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How Settlements Work in Defective Hip Litigation

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Hi, this is Stuart Talley of Kershaw|Talley. I am the partner here responsible for the defective hip litigation. The reason I am doing this video today is to provide some information about the settlement of hip cases. Many people are calling us asking how hip cases will typically settle. Although it is difficult to provide specifics in any given case, there are some general guidelines I think most people can be aware of that apply in cases like this.

Settlements in hip cases are unique. Typically, there are thousands of cases pending. In the DePuy ASR litigation, there are approximately 14,000 cases. In the Stryker Rejuvenate litigation, there are about 6,000 cases pending. So, when you settle cases like this on a global basis, it is a lot different than settling an individual lawsuit. In these cases, the defendant and plaintiffs will have settlement discussions and try to agree on what the average case should settle for. Once you have that number, you can extrapolate a settlement fund; $2.4 billion was put into a settlement fund in the DePuy ASR litigation. Then, you have to figure out an easy, quick, and verifiable way to apportion the settlement proceeds to people who have a case.

Generally, there is a “formula”, grid, or some process created, where people with severe damages end up with more money than people with limited damages. The formula is also used regarding people with problematic cases that may be difficult to win because of prior health conditions, or other factors, versus cases where someone doesn’t have those issues. So, you have a formula or grid, and you might start off with a certain amount of money that a plaintiff receives if they had a revision surgery. Then you would take a deduction of a certain percentage if they were a smoker, or a deduction if they have weight issues, or there might be a deduction if they’re older patients. There are different deductions that may be rational based on what the defendants believe make a good case or a bad case, and others may not be rational. Typically, there is some kind of formula that’s created to either bring somebody down from the base award, or up from the base award.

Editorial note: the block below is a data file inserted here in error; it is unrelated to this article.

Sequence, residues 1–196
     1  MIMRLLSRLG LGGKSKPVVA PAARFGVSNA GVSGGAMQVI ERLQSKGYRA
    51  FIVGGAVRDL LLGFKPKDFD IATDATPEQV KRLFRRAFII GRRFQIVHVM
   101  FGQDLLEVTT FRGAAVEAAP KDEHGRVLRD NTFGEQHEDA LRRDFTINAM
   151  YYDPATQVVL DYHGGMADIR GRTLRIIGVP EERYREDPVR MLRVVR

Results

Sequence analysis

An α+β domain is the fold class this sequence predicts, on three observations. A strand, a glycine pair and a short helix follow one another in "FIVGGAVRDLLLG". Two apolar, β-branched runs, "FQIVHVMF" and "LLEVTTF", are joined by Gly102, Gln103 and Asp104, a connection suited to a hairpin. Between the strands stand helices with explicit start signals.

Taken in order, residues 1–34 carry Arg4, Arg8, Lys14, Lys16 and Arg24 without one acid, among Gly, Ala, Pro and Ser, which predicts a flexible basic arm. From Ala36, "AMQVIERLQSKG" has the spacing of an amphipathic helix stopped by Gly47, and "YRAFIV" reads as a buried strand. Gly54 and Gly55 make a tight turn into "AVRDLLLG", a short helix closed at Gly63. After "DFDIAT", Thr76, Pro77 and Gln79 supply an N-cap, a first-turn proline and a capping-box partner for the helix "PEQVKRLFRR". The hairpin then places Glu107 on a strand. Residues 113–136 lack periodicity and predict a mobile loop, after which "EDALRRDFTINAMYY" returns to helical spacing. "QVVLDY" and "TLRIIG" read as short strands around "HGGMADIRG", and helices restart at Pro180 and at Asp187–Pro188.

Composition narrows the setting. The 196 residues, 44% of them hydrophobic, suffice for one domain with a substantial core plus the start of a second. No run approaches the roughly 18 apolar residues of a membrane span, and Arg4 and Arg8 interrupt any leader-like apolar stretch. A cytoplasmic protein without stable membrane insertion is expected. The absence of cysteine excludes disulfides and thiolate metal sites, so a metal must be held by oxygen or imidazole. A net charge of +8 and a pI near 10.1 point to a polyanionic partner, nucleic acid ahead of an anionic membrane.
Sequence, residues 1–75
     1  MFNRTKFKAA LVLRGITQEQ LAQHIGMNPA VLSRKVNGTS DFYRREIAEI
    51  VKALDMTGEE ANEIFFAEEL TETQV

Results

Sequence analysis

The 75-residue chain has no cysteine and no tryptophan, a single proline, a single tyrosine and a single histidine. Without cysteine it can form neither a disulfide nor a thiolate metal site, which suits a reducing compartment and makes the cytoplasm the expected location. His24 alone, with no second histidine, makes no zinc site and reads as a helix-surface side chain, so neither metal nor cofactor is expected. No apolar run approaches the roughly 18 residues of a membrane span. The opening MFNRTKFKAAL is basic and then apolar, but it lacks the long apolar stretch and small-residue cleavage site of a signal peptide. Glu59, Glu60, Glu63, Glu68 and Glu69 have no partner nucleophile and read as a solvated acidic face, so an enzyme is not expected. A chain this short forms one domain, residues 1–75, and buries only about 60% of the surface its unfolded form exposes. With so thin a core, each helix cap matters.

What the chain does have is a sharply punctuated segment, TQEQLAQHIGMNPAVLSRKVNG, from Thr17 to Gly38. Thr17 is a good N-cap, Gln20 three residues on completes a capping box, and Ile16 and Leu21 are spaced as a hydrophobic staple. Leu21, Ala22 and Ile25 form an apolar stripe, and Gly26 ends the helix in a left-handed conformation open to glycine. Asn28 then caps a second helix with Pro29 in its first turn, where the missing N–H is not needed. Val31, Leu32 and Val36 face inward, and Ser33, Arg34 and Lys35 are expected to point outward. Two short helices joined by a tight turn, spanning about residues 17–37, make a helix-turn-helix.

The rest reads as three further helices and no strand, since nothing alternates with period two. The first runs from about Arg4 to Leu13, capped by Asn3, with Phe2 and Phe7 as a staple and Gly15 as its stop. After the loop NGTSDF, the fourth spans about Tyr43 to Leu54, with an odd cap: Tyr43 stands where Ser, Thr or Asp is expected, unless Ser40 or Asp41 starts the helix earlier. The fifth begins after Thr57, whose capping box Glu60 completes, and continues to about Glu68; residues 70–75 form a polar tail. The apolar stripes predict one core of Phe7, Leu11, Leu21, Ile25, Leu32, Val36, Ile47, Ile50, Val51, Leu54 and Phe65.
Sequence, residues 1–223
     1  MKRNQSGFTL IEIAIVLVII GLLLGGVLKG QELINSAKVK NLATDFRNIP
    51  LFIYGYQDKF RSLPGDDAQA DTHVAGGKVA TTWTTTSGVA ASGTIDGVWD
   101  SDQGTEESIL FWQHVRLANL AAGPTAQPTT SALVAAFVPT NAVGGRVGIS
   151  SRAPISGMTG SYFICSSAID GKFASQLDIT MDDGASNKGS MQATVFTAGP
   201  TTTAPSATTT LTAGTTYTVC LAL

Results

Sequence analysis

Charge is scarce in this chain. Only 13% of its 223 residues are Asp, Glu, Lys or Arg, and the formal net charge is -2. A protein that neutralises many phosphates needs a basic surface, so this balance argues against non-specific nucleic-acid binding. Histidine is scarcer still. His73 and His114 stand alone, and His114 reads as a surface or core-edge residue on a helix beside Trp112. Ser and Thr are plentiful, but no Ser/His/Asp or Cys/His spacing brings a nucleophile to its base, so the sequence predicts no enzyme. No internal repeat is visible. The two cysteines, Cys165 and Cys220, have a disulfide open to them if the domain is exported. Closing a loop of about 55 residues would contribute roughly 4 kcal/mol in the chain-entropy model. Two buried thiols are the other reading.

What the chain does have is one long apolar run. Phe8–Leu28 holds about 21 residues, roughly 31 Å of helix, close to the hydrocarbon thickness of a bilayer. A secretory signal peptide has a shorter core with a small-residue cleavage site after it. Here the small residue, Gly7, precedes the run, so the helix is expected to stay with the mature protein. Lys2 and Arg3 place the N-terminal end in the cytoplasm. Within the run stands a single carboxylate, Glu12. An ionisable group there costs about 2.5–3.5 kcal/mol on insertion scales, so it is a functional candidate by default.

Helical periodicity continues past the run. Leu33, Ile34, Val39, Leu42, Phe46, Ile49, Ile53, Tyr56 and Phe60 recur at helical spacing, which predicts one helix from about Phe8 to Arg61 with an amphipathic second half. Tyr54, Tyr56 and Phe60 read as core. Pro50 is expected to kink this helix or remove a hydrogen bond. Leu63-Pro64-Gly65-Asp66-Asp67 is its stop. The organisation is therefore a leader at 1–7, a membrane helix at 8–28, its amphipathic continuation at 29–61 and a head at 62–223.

Modifications that increase base award are usually for extraordinary injuries. For instance, say you had your hip replaced and 3 months later you are up and running, and have no residual, permanent injuries; you would get the base award. Whereas, you might get more than the base award if you ended up with dislocations after your revision, or you had an infection and had to have 2 more surgeries, or you end up with nerve damage and have a limp or drop foot for the rest of your life.

The most important thing to understand is that you do not have to take the settlements in these cases; these settlements are not done deals. The case is an individual for every person who has a case against a hip manufacturer. This means only the plaintiff can settle the case. So, if there is a settlement fund, a way of apportioning money, at some point your lawyer is going to contact you and say, “If you take this settlement, here is how much you will get.” At that point, you are free to either take or reject the settlement. But you are not required to accept a settlement that’s offered to you. If you reject the settlement, then your lawyer will continue litigating your case, and hopefully get a trial date in your case, or do something to move your case forward. So, defendants will hopefully pay more than what you might be awarded under a global settlement.

If you have a recalled or defective hip, a metal on metal hip, give us a call toll free at (888) 997-5170 whether or not your case is settled. We can provide you with information about how settlements work. We can also tell you at the end of the case whether we believe a settlement is adequate or not for you.

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